She thought of how healthy Old Sam had been, right up until he sat down on his dock and died. “Your mom in good shape?”
“Depends on what you mean by ‘in good shape.’ I’d bet a whole paycheck she looks pretty damn good. She’d sure as hell spend it getting that way.” He zipped the suit into a garment bag, something else Kate recognized only from cata logues, and snapped it into the lid of the aluminum suitcase.
“You’re, what, forty-two now?”
“She was thirty- seven when you were born.”
He added a couple of white, button-down shirts, neatly folded, to the suitcase. T-shirts, shorts, and socks followed. “I showed up late, when they’d pretty much given up on having kids. Dad was forty-five.”
“You never talk about them.”
He shrugged. “Not much to say. They were hard of hearing before I was in high school. It was like growing up with grandparents.”
Wow, she thought. Didn’t that sound affectionate.
When she thought about it later, she wondered if that lack of affection might have been part of what had driven Jim north in the first place.
He pulled a shoebox from beneath the bed and added it to the suitcase. The ditty bag full of toiletries went into a daypack with Craig Johnson’s latest Walt Longmire novel and Naomi Novik’s Victory of Eagles. The books had been waiting for him in the post office when he had cleaned out his mailbox that morning. He hoped two books were enough to get him from Anchorage to San Jose, because the rest of his to-read pile was back at Kate’s house. He was six four, and there was nothing worse than being shoehorned into last class with nothing to take his mind off the discomfort of having his knees jammed up against the seat in front of him. He’d once been stuck on a flight from Phoenix to Seattle with a Steve Martini book whose perp he’d guessed before they reached cruising altitude. Never again. “Where the hell’s my— Oh, here it is,” he said, producing a clip-on reading light and tossing it into the daypack with the books. “They’ve got the seats so close together on the new jets that I can never get the overhead light to shine on anything but the top of the head of the guy sitting in front of me. Especially when he leans his chair back into my lap.”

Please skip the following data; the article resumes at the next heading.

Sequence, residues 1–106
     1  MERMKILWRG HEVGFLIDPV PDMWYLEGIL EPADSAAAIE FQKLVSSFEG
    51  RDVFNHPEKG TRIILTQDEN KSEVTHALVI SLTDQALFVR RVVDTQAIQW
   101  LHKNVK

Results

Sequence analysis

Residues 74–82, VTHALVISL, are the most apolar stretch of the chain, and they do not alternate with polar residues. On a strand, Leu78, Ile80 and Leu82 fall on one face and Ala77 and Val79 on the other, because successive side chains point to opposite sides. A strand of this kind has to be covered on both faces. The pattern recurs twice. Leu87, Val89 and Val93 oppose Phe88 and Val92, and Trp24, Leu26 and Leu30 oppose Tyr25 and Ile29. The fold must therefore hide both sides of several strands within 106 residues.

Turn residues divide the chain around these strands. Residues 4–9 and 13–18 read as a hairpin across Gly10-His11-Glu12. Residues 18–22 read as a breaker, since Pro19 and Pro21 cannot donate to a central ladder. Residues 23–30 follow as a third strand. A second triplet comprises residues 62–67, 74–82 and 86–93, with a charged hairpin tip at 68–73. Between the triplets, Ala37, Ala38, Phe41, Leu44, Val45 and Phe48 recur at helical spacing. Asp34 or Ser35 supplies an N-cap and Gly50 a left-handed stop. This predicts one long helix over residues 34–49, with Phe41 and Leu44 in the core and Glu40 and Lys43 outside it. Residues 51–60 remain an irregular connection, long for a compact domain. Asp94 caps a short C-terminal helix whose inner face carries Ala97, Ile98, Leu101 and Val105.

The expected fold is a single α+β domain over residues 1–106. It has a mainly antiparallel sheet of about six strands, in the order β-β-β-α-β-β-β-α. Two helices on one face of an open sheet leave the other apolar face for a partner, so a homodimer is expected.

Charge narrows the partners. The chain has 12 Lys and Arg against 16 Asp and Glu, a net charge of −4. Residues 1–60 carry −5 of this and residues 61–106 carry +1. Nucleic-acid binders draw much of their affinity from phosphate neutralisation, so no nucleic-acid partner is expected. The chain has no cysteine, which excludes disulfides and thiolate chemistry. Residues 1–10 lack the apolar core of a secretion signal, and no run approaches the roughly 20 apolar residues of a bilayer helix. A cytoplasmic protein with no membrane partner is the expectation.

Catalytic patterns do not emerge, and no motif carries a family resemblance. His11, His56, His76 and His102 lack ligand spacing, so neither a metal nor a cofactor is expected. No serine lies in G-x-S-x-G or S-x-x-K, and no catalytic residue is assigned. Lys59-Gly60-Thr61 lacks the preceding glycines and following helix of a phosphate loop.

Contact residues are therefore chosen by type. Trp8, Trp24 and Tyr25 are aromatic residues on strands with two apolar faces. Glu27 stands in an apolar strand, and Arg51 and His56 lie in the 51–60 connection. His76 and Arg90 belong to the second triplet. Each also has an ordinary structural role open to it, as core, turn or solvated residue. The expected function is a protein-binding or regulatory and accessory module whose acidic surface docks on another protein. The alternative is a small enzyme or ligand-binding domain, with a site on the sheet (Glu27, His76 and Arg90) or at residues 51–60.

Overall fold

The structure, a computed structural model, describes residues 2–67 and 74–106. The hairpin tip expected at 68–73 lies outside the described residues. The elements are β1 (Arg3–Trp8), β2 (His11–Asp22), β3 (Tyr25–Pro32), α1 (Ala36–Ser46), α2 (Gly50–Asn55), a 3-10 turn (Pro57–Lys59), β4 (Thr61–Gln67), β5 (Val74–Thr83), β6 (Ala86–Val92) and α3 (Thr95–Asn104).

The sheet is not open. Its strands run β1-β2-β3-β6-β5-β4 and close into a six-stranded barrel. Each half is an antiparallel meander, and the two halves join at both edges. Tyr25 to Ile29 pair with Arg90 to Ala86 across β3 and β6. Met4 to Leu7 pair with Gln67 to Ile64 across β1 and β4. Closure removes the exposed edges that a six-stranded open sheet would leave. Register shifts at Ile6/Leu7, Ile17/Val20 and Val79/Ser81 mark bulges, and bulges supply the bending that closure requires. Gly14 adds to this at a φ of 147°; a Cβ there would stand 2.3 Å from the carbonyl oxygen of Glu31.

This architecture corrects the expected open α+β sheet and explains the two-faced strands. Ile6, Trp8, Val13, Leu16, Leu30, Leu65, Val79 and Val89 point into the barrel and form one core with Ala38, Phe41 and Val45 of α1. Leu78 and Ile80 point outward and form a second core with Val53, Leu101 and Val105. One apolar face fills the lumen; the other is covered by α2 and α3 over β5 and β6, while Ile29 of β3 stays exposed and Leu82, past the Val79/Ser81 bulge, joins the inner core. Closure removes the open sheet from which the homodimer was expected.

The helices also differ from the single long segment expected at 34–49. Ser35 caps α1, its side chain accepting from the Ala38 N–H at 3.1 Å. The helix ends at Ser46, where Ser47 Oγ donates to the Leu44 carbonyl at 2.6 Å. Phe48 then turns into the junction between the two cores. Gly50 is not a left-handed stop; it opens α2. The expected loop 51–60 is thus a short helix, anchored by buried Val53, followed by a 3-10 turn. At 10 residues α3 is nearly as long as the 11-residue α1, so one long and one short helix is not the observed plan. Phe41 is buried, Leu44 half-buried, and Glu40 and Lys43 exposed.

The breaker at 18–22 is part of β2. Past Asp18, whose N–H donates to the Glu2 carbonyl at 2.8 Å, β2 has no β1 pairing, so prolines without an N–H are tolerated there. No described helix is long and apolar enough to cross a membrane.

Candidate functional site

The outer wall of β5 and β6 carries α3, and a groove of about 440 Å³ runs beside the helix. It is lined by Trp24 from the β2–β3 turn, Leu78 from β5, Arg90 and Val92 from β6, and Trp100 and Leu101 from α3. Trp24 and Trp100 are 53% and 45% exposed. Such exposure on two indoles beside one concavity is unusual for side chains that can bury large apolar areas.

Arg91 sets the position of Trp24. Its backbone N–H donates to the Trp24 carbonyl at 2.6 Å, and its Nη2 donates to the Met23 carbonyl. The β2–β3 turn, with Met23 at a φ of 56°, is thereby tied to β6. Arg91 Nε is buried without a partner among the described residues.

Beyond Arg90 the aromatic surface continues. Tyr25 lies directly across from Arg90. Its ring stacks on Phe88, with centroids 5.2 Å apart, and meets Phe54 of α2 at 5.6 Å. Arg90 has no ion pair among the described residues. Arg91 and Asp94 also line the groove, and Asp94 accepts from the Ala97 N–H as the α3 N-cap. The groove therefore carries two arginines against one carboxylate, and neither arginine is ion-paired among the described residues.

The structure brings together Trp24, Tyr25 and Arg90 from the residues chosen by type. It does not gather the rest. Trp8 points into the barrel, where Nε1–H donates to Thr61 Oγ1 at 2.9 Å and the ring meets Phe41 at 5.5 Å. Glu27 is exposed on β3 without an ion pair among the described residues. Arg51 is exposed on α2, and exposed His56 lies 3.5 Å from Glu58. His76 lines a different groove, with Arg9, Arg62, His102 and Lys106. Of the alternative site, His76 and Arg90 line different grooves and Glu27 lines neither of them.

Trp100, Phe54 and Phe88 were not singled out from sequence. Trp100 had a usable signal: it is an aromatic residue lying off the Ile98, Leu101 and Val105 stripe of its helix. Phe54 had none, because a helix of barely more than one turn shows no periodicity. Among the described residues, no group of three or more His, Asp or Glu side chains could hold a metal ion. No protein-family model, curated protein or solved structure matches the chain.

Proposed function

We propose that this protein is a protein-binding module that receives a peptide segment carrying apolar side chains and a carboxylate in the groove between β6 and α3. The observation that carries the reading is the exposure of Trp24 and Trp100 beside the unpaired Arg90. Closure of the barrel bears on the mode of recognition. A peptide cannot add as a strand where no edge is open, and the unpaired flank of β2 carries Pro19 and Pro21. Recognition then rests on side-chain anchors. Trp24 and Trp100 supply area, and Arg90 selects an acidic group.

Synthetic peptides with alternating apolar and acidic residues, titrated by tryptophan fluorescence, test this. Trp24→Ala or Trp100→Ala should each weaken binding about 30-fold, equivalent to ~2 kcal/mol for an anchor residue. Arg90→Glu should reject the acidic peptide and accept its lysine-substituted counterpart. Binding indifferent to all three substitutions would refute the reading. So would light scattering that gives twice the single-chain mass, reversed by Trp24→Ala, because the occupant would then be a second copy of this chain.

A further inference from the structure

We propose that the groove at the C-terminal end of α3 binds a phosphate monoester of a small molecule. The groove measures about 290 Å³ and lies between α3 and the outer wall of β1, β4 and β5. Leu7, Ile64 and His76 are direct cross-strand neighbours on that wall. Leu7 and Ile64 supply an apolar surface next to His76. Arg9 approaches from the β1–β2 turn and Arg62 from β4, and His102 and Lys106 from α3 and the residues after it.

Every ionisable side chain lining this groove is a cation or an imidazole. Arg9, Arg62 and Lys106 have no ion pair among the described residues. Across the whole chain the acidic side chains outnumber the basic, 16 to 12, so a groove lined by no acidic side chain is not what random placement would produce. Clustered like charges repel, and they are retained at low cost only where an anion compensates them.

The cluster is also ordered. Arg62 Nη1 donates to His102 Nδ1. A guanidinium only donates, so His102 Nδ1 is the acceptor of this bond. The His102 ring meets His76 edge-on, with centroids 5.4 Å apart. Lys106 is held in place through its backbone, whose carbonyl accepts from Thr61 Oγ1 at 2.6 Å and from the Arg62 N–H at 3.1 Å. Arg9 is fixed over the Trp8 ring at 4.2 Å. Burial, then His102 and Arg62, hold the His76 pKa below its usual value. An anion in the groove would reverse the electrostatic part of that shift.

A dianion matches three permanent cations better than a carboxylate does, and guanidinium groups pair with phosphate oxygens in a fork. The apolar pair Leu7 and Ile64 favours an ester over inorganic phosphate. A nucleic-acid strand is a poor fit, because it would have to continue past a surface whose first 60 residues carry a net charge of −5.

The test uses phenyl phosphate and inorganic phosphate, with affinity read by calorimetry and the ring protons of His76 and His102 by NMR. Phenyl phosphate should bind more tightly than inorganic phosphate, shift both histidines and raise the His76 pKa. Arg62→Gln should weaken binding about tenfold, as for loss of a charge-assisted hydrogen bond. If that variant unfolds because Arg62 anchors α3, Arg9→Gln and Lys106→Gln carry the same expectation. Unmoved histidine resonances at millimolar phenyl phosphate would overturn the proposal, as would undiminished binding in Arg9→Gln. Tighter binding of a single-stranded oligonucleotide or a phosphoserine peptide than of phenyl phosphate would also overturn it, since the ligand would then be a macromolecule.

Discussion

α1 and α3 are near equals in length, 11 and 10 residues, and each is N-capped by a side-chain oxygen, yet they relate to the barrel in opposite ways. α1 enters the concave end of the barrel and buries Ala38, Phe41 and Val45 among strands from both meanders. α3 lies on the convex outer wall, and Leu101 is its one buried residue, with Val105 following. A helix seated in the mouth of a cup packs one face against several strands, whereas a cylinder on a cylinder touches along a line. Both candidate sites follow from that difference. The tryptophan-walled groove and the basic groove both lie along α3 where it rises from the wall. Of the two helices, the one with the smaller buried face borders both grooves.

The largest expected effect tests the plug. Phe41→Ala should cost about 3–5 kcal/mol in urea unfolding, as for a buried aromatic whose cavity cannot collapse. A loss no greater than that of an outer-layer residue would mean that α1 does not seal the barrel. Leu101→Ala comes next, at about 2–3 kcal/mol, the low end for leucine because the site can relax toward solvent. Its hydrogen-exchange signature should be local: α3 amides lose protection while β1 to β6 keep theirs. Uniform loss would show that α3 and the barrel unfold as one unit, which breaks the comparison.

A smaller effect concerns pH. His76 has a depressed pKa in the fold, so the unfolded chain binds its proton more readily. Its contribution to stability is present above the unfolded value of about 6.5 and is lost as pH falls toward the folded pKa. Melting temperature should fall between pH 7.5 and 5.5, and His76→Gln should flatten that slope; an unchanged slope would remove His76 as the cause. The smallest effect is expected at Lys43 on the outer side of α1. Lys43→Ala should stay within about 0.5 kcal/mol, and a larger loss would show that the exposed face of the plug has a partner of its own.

“Why did you come to Alaska?”
He zipped up the daypack. “I read Coming into the Country when I was too young to resist.”
Always with the smart remark. Fine. “Is anyone coming in to the country to cover for you while you’re gone?”
He snapped the suitcase closed and set it on the floor. “Nick will check in with Maggie every morning. Otherwise, I’m relying on you, babe. Oh.” He paused to look at her. “Kenny says there’s been a rash of break-ins and burglaries in Ahtna over the last month. He says he thinks it’s partly due to the economy, people looking for anything they can sell to raise cash. Just FYI, in case it spreads down the river.”
“Got it,” she said. He felt distant from her somehow, as if he were already in Los Angeles. Land of surf and sand and sun. When he looked at her again she realized she’d said the words out loud.
“I’m not staying there, Kate,” he said again. “I work in Alaska. I live in Alaska.”
You’re in Alaska, he could have said, but didn’t.
Instead, he put the daypack on the floor next to the suitcase and took her down to the bed with a soft tackle. Caught off guard, she looked up at him with a startled expression. “Let me just mark my spot,” he said, and reached for the buttons on her jeans.
He made George’s last flight into Anchorage with sixty seconds to spare. She stood flushed and rumpled at the end of the forty-eight hundred-foot dirt airstrip, watching the de Havilland single Otter turbo rise into the air, bank right, and head west, its signature whine receding over the horizon.
Mutt gave a soft, plaintive whimper. Kate looked down and said in a stern voice, “We are strong and beautiful women. We can do anything.”
And Mutt proved it on the walk back to the red Chevy super cab by catching the hem of Kate’s jeans in her teeth and dumping Kate on her ass.
THOUGH NOT DEAD Copyright © 2011 by Dana Stabenow